Published on Friday, 26 July 2019 10:00
Written by Nhu Vo. Photos by Alberto Prieto.
“Saigon in its golden age was a time to be remembered and passed down to younger generations. The vintage aesthetic trend in Vietnam has been around for a couple of years now and for me, it is a cause for celebration,” owner Anh Tuyet said of the trend that has swept cafés and restaurants citywide. Thị’s customers, meanwhile, are here for more than just the aesthetic.
“Thị” used to be a widely popular middle name for women of older generations, and for Tran Thi Anh Tuyet, the word encapsulates the beauty and virtue of Vietnamese women and became the inspiration for Thị Café.
The tiny entrance to Thị hides amid chaotic tree branches drooping down onto its rusty red roof, entwined with hanging plants and Hoi An lanterns. Exquisite things are worth the hunt, and Thị is a hidden gem among the busy streets of District 1.
We were lucky enough to set a quick appointment with the owner on short notice. For some reasons, I imagined a bearded man in his mid-30s whose side job is jamming on guitars in a local acoustic bar. But in walked a fashionable woman in a white embroidered dress who looked young and radiant. She humbly introduced herself to us as if it was not rude to summon a busy businesswoman in the middle of a scorching day.
Born in Sa Dec, Tuyet moved to Saigon for work, and she quickly formed a love and admiration for the city. Her appreciation for the beauty and establishments of Saigon inspired Tuyet to create something that embodies those values, through which people from different walks of life can get together and tell their stories while sharing the most authentic Saigon experience. Thị was founded in 2016.
Inspired by the aesthetics of old-time Saigon, Thị is decorated with furniture and objects which, if you recognize, you’re possibly a bit old. I was born in the mid-90s, so my memory of CRT televisions and vintage radio players is as opaque as my recollection of what I just had for breakfast.
But wooden couches and armchairs with floral covers, rusty stools and old coffee tables with glass tabletops brought me back to my childhood, where I was at my grandparent’s house hopping on furniture pretending the floor was lava.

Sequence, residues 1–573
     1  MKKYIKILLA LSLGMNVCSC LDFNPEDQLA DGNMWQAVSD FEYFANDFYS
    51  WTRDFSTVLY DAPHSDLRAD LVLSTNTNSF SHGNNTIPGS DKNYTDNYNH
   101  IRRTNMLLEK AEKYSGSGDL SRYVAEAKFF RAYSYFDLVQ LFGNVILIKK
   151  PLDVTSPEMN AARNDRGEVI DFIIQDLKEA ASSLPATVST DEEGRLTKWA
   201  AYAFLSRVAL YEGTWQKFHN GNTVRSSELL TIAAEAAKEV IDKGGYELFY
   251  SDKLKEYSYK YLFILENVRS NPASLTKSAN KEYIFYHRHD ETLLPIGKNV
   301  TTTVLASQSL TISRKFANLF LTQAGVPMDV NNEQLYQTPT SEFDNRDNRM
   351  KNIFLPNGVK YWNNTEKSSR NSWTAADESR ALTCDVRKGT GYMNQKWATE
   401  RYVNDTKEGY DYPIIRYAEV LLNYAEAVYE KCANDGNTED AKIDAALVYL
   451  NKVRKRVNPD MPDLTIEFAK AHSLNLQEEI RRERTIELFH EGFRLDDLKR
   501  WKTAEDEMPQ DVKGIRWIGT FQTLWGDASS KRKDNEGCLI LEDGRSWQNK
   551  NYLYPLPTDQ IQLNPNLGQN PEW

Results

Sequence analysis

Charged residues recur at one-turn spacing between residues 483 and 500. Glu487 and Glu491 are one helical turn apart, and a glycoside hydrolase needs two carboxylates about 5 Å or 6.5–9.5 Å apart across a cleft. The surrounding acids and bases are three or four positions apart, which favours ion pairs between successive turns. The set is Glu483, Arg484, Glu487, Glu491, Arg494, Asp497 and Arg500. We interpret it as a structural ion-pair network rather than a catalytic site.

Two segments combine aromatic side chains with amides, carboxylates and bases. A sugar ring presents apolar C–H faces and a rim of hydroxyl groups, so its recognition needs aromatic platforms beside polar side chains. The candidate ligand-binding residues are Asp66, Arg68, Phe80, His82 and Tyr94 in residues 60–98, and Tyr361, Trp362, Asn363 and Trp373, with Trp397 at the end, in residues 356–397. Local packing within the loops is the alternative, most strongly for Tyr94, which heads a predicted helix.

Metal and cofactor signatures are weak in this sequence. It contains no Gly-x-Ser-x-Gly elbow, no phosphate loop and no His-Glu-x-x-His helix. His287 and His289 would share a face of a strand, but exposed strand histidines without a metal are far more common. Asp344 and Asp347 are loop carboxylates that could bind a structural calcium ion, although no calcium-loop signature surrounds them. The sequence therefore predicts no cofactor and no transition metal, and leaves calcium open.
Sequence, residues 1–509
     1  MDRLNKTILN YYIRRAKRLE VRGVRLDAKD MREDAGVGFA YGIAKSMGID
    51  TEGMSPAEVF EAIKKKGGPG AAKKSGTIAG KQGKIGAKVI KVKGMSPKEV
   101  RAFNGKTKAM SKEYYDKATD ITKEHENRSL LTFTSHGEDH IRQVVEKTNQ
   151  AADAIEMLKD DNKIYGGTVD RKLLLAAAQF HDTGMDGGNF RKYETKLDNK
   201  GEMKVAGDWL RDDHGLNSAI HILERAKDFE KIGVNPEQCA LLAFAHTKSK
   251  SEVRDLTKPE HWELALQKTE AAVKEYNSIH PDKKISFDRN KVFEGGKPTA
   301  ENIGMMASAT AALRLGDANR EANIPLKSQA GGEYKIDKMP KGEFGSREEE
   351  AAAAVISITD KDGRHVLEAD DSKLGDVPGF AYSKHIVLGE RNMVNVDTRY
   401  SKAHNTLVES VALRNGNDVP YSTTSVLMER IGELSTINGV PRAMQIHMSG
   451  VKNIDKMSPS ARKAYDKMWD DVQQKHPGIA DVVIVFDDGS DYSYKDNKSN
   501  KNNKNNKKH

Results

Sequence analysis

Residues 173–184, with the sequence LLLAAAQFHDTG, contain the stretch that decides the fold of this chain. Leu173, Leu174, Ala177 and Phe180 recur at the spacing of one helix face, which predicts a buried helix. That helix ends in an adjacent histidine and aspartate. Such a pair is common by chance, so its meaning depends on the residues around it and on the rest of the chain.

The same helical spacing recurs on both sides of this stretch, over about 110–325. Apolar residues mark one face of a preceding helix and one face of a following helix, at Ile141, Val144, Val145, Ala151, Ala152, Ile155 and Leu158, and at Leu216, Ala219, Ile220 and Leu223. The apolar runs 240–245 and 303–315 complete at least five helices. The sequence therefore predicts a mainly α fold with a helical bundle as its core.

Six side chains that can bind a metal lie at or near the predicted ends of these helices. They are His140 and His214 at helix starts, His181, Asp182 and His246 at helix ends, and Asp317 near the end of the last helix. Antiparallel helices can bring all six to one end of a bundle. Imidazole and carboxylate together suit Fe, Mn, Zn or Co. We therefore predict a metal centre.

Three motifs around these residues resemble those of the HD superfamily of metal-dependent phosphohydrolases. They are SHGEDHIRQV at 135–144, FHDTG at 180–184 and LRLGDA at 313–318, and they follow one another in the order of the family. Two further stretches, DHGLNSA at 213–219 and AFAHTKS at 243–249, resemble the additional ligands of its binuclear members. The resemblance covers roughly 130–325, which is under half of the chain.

There is also a collection of antiques scattered across the rooms, from a sewing machine to a worn-out water keg and something as random as a Japanese kendo helmet. What is special about Thị is that the decor doesn’t seem forced, or like the objects are senselessly placed just for the aesthetic; rather they introduce you to what used to be the norm when advanced technology was merely a concept, not commonplace.
The menu is a typical around-the-corner café menu, with coffee, tea, juice and smoothies, but diverse enough to trigger indecisiveness — whether to just go for a regular coffee or that intriguing beet, carrots, apple and ginger smoothie. When visiting coffee shops known for the style and decorations, I have low expectations for the coffee, though admittedly, I’m a bit of an addict.
I went with the safest option — cà phê sữa đá, and to my surprise, it was delightful. The beverage was still warm at the bottom, meaning it was made fresh, and not some pre-dripped coffee that’s been in the fridge for days. Most coffee shops serve Vietnamese cà phê in a tall, narrow glass, while at Thị, it is served in one of those short, versatile glasses that are neglected in the back of a cupboard, which I found much more pleasing to drink from. If coffee makes you jittery, an afternoon tea session with a traditional teapot will surely mellow you out. When it’s 6pm and caffeine doesn’t make sense, you can always settle for a glass of freshly squeezed juice, Thị’s signature smoothies, or just simple iced yogurt.
One thing to keep in mind is that Thị is smoker-friendly, though it is ventilated and isn’t wreathed in stale cigarette smoke. Instead, it caught us by surprise to see some young men casually puffing on tobacco pipes as if it was the 1960s, when pipe smoking was a symbolic image of Vietnamese gentlemen – that was truly a cherry on top to wrap up our venture back in time.
Thị Café is open from 8am to 11pm.
To sum up:
Price: 4/5 — a cà phê sữa đá costs VND40,000, while a signature smoothie is VND70,000.
Nhu screams mid-sentence if she spots a dog and has a profound distaste for coriander.
33/72 Nguyen Trung Truc, D1
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